Major renovations have many moving parts and, usually, at least one thing goes wrong along the way. In this case, we have had some problems with the ‘stone’ that is going up on the walls of our bathroom. If you recall from the ‘What’s it going to look like (inside)’ installment of this blog, we decided to put ¼” thick porcelain slabs on our bath walls that are laser-printed to look like statuary marble. This approach is about a quarter the price of using real stone and can look pretty convincing if one designs the joints and layout in such a way that the thickness of the faux stone is never revealed.
The porcelain slabs have proven to be somewhat of an unwieldy material, however. The slabs we ordered are roughly 5’ x 10’ x only ¼” thick and, therefore, need to be handled with kid gloves. The first shipment arrived broken at our stone fabricator’s shop. The next shipment also had some cracks and breaks but the stone fabricator didn’t see these until later and was able to, more or less, work around them.
The slabs are beautiful and the laser printing is convincing (to me). But, it took three guys over 12 hours to install these first three pieces:
Because it took so long, the stone fabricator sent a different team to finish up. This second team was, apparently, the ‘speed’ team- they got the remaining pieces installed in a fraction of the time. The install looked good from a distance:
Under closer inspection, however, the speedy install of the second half of the bathroom was not of the same quality as the first three pieces. In the picture above, one can see that the substrate holding the stone on the right side is built up to nearly 1” thick! The surface of these slabs would also flex when pushed on in certain areas which would probably lead to a crack or failure in not much time. Lastly, the joints between slabs were not as tight and not done with nearly as much care as the other side.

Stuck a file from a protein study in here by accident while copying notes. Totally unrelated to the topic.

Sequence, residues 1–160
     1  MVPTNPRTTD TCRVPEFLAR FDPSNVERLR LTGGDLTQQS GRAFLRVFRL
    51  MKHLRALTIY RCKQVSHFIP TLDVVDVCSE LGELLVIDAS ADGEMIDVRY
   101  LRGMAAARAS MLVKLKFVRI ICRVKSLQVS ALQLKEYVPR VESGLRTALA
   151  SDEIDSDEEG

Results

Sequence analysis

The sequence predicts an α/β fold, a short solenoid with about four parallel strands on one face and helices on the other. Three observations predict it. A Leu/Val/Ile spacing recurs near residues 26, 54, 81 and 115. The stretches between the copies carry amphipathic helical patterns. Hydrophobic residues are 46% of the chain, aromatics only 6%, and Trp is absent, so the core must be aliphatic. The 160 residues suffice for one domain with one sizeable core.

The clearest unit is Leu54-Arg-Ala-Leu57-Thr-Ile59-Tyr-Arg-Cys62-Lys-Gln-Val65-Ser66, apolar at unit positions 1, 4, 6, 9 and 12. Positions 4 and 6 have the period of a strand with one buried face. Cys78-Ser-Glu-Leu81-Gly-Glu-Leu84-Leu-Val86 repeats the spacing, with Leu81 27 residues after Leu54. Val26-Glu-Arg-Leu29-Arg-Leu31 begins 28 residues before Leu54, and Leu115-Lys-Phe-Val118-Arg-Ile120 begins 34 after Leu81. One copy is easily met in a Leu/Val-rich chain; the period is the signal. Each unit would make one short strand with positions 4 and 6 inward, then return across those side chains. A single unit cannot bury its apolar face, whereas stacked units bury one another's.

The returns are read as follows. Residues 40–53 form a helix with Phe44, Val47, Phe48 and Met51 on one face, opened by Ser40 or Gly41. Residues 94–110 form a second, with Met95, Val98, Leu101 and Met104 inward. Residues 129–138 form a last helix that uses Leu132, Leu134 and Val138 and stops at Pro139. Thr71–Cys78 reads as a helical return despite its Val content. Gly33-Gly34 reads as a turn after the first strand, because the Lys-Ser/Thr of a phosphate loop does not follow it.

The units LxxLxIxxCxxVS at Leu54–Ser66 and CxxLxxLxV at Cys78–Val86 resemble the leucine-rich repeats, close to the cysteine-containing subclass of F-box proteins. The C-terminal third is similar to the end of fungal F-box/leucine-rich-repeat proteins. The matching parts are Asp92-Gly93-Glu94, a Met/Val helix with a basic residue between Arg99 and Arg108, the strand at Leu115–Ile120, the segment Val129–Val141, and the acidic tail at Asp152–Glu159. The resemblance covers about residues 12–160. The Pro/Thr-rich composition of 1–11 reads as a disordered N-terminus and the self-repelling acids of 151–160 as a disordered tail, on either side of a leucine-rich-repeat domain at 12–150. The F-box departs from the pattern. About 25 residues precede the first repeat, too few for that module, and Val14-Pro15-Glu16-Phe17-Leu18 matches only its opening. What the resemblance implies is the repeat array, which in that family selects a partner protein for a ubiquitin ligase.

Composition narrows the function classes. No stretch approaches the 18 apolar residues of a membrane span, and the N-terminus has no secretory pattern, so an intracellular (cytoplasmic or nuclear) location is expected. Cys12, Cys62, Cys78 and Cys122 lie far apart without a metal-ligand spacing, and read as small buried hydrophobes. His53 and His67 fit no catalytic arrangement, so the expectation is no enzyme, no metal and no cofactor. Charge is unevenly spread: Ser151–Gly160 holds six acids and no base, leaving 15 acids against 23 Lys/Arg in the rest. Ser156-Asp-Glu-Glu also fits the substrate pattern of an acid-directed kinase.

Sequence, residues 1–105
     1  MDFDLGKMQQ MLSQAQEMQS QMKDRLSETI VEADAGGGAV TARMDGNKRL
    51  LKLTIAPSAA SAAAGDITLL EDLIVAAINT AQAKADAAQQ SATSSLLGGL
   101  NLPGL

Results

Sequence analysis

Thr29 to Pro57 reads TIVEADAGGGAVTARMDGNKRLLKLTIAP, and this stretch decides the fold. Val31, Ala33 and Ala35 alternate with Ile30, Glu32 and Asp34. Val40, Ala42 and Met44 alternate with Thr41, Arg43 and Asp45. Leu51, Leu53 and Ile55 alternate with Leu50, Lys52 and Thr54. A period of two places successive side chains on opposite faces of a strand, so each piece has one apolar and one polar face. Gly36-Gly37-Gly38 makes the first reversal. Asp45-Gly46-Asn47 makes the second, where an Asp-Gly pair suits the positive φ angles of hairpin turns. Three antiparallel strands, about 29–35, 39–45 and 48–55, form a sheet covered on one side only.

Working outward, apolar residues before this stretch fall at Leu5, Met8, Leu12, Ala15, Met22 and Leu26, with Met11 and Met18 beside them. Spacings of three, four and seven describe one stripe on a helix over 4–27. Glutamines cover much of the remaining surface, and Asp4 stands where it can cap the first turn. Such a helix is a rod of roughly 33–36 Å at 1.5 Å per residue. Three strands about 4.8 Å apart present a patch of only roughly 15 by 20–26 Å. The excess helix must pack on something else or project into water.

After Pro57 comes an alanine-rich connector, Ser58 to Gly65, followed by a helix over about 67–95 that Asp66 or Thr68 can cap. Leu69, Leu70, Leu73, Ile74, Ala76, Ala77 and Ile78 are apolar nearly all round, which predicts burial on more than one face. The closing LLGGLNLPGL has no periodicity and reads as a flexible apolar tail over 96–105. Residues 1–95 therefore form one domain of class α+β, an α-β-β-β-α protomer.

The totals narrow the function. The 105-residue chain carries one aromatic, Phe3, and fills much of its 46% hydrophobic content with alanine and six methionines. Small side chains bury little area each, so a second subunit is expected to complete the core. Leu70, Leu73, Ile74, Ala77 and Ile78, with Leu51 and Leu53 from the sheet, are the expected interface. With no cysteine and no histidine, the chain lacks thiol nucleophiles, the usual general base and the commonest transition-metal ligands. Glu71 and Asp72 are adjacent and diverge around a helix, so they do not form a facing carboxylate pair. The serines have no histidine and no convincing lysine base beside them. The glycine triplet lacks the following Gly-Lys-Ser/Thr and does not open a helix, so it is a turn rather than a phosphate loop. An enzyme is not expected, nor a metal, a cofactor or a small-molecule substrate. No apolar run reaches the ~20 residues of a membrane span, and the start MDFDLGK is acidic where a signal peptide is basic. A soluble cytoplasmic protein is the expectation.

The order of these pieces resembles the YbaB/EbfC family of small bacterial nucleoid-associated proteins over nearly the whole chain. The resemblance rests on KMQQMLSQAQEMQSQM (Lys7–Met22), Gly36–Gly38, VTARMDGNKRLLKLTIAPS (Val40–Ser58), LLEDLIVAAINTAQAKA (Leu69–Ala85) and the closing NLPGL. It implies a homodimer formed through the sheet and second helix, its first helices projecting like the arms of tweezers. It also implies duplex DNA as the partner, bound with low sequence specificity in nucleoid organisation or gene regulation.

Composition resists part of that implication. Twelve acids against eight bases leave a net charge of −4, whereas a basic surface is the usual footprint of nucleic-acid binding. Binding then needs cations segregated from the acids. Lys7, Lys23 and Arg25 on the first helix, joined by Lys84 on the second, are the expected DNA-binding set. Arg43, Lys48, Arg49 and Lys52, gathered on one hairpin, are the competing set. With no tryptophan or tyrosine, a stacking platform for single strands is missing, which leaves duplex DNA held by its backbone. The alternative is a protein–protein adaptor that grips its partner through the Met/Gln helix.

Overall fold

The contractor and I told the stone fabricator that we couldn’t accept this work and that they’d have to remove the slabs that were done too hastily. Unfortunately, it is very difficult to remove this material without breaking it. And if it broke, the stone fabricator would have to order more material. To her credit, she agreed to remove the slabs and redo the work with the higher-quality, slower team.
When we pulled the slabs off the wall, the reason behind the flexing of the slabs on the right was immediately apparent:
The speedy team didn’t bother to rake out the thinset for even coverage throughout the wall. This kind of application might be fine for ¾” thick stone but it was not appropriate for the ¼” thick stone we had. These mounds of thinset are nearly 1” thick and the voids between them account for the flexing hollow parts of the stone.
It is always a problem to work backwards and pulling these slabs off after they were installed is definitely a schedule-killer. We had the plumber lined up to put in all of the shower and tub parts and we could have been done with this bathroom. Now, we need to have the stone fabricator re-order pieces that got broken during removal and come back and re-install. Then, we need to get back on the plumber’s schedule to install the shower and bath parts he could have done last week. Very disappointing. But, one needs to be able to roll with the punches on these projects and it is better to have a slow and correct install then a quick and bad install.
In other, brighter project news, the rear façade is looking nice with the scaffolding gone and the window trims painted:
After this project, we REALLY need to clean up our rear yard and replace our deck handrails.
The stair railings are in:
We will cap the top piece of metal with wood handrails.
My sons’ rooms on the second floor are put back together and painted as well. In front (left), and in back, in the former master bedroom (right):
The lead coated copper front façade is complete. Here is a panoramic, distorted shot:
After this picture was taken, the ladder to the upper roof level and the upper level guard rails were installed:
Lastly, the stone counter and backsplash are in for the wet bar just inside from the deck. This is coming out great:
The painters and electricians are working hard to finish up and, hopefully, we can get the bathroom stone re-installed and the plumber back to finish the project soon. I will keep you posted!addition, brooklyn, brownstone, renovation, rooftop, townhouse